The Resolution is answering Israel’s most basic interest as an affirmation of Israel’s need for peace with its neighbors “to exert collective efforts to launch credible negotiations on all final status issues in the Middle East peace process and within the time frame acceleration of international and regional diplomatic efforts and support aimed at achieving without delay a comprehensive, just and lasting peace in the Middle East on the basis of the relevant United Nations resolutions, the Madrid terms of reference, including the principle of land for peace, the Arab Peace Initiative and the Quartet Roadmap.”
The resolution is not against Jewish prayer at the Kotel or Jewish connection to the Temple Mount. This is not a re-statement of the UNESCO Resolution that ignored Jewish connection to the Temple Mount and the Kotel. It is against the illegal transfer of civilians from Israel to the West Bank and east Jerusalem, which are territories that Israel agreed would be included in permanent status negotiations with the Palestinians.
The Oslo Declaration of Principles from September 1993, accepted with enthusiasm by the people of Israel, stated: “It is understood that these negotiations shall cover remaining issues, including: Jerusalem, refugees, settlements, security arrangements, borders, relations and cooperation with other neighbors, and other issues of common interest.”
Now at the end of 2016, getting ready to mark 100 years since the Balfour declaration, 70 years of statehood and 50 years of occupation, reality is hitting us directly between the eyes. The panic, hysteria, public rhetorical lynching of one of the most pro-Israeli American presidents in history, the shaming of the leaders of friendly nations that voted for the Resolution, the naming of a French peace initiative “worse than the Dreyfus Trial” – all of these are acts of self-inflicted insanity. These days are so reminiscent of the years before the end of South African apartheid. The denial of reality and the virtual celebration of global isolation is the same mood voiced by South Africa’s white leadership before they forced themselves to understand that their dream of continued control without democracy had to come to an end.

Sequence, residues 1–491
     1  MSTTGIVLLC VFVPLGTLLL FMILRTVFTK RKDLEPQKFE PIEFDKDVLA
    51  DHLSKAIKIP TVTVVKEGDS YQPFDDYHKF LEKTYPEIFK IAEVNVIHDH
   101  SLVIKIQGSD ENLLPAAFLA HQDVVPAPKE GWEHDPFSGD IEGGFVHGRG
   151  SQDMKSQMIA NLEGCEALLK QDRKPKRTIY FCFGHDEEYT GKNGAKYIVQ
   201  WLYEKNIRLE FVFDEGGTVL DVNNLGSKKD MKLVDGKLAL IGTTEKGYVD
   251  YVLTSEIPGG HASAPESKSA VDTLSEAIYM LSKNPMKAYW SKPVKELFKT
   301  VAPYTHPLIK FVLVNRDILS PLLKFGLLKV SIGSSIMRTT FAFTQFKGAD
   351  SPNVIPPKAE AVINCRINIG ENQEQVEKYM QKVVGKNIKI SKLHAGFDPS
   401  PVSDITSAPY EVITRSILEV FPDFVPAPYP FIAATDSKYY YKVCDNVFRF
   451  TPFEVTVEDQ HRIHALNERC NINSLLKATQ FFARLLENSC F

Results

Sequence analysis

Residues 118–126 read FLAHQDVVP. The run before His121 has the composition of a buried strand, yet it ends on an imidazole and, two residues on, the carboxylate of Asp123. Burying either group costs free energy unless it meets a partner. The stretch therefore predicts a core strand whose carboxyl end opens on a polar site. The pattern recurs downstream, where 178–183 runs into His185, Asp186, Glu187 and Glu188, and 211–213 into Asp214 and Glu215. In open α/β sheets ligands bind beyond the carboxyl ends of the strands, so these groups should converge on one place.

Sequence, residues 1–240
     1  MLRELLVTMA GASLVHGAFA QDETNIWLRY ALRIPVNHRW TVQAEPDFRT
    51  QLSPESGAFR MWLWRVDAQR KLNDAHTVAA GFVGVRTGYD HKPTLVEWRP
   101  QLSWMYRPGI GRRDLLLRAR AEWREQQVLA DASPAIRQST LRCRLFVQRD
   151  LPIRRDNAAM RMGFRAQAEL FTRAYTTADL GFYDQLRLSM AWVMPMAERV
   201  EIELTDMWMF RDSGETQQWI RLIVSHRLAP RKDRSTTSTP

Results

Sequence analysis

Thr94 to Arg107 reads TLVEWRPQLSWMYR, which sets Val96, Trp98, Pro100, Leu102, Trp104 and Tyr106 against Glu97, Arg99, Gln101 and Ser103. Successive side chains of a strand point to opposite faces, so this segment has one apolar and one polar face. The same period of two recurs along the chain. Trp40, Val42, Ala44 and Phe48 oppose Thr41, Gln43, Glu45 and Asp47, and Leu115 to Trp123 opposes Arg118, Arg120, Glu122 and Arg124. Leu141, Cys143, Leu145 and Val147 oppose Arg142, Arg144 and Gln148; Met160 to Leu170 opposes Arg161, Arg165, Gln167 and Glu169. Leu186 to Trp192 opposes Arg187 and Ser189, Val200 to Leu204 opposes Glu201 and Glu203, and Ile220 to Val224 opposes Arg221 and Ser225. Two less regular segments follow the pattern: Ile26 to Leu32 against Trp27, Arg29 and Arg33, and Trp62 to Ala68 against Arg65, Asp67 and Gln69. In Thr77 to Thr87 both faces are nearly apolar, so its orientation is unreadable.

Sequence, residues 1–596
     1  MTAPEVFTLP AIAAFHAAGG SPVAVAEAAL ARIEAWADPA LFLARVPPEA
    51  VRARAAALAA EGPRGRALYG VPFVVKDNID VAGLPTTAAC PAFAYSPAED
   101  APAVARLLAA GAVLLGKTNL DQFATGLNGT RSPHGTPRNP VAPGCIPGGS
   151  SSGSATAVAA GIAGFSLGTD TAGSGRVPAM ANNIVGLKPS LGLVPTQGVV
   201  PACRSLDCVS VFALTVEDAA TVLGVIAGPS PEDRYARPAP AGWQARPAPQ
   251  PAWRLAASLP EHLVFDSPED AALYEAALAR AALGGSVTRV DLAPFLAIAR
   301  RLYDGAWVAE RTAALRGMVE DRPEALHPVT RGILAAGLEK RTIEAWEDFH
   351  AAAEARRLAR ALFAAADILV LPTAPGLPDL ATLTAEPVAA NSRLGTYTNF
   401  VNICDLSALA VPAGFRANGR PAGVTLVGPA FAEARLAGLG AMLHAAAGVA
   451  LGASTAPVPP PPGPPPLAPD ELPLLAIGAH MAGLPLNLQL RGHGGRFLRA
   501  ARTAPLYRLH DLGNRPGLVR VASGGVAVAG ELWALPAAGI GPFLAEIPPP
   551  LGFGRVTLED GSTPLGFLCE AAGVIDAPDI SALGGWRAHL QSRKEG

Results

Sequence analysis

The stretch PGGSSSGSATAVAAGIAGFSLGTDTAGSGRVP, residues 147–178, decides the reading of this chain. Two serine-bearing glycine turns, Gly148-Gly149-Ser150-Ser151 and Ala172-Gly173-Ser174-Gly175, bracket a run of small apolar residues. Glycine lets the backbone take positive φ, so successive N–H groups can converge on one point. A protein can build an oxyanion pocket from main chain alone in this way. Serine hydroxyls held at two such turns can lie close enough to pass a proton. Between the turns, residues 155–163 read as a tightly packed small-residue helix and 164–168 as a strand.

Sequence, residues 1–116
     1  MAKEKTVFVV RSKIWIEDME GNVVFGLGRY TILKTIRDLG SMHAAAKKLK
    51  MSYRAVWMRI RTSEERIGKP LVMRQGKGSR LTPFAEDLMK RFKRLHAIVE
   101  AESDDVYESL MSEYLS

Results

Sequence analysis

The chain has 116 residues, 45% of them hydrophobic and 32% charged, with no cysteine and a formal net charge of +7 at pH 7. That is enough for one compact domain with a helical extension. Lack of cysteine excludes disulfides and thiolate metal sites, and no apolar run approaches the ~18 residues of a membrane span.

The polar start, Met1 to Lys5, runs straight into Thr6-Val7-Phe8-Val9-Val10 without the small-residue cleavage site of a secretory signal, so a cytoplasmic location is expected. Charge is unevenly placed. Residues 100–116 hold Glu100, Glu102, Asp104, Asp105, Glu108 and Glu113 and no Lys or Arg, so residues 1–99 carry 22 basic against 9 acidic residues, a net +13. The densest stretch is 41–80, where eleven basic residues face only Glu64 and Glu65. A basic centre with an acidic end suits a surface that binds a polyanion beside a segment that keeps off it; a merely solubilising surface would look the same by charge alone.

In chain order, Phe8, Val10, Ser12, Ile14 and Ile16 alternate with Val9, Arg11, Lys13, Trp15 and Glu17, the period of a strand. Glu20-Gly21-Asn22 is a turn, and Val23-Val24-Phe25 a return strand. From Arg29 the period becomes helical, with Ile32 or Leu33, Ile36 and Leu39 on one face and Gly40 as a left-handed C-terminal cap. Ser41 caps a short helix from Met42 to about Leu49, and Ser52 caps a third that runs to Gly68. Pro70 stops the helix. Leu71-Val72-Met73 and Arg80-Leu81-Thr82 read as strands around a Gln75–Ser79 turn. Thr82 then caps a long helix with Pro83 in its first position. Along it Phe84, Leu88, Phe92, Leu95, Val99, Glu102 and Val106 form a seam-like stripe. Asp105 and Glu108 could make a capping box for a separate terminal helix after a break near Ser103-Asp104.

That is where Israel is heading, but for us there is a shortcut to redemption based on the Zionist dream of a secure and safe democratic state of the Jewish people.
The world cannot force us to do what we don’t want to do. Eventually we will make the right decision for ourselves.
However, that decision is time-linked. Today we can chose the two-state solution, which enables us to continue to exist as the democratic nation-state of the Jewish people. In a very short period of time, with continued settlement building, Israeli annexation of parts of the West Bank (Judea and Samaria) and the international community no longer seeing the two-state solution as viable, the only choice will be to transform Israel into a bi-national democratic state that is not the nation-state of the Jewish people nor the nation-state of the Palestinian people. It will not be a peaceful bi-national state.
The decision to be made is in our hands, not in the hands of the United Nations. Yes, it take two sides to make peace, but the adoption of a clear strategy and policies that advocate reaching a two-state solution is much more likely to succeed than the current strategy of entrenchment of Israeli control and creeping annexation.
Gershon is an advisor to Israeli, Palestinian and International Prime Ministers on the Middle East Peace Process and the founder and director of IPCRI, the Israeli-Palestinian Public Policy Institute. He was the initiator and negotiator of the secret back channel between Israel and Hamas for the release of 1,027 prisoners – mainly Palestinians and Arab-Israelis of which 280 were sentenced to life in prison for planning and perpetrating various attacks against Jewish targets that resulted in the killing of 569 Israelis in exchange for one Israeli soldier, Gilad Schalit. Gershon is actively involved in research and advocacy concerning topics such as social policy, environmental security, political strategy, peace education, economics, culture and in the development of affordable solar projects with the goal of providing clean electricity for 50 million people by 2020.